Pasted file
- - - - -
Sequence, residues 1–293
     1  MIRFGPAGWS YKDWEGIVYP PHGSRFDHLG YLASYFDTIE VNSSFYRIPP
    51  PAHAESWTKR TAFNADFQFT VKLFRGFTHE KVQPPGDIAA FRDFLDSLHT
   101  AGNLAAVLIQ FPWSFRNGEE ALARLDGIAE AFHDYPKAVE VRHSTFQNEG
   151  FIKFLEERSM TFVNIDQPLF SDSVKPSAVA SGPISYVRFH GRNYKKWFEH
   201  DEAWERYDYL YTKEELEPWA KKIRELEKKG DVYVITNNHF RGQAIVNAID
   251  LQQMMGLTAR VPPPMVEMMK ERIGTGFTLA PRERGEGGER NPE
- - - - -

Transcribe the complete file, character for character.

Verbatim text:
Sequence, residues 1–293
     1  MIRFGPAGWS YKDWEGIVYP PHGSRFDHLG YLASYFDTIE VNSSFYRIPP
    51  PAHAESWTKR TAFNADFQFT VKLFRGFTHE KVQPPGDIAA FRDFLDSLHT
   101  AGNLAAVLIQ FPWSFRNGEE ALARLDGIAE AFHDYPKAVE VRHSTFQNEG
   151  FIKFLEERSM TFVNIDQPLF SDSVKPSAVA SGPISYVRFH GRNYKKWFEH
   201  DEAWERYDYL YTKEELEPWA KKIRELEKKG DVYVITNNHF RGQAIVNAID
   251  LQQMMGLTAR VPPPMVEMMK ERIGTGFTLA PRERGEGGER NPE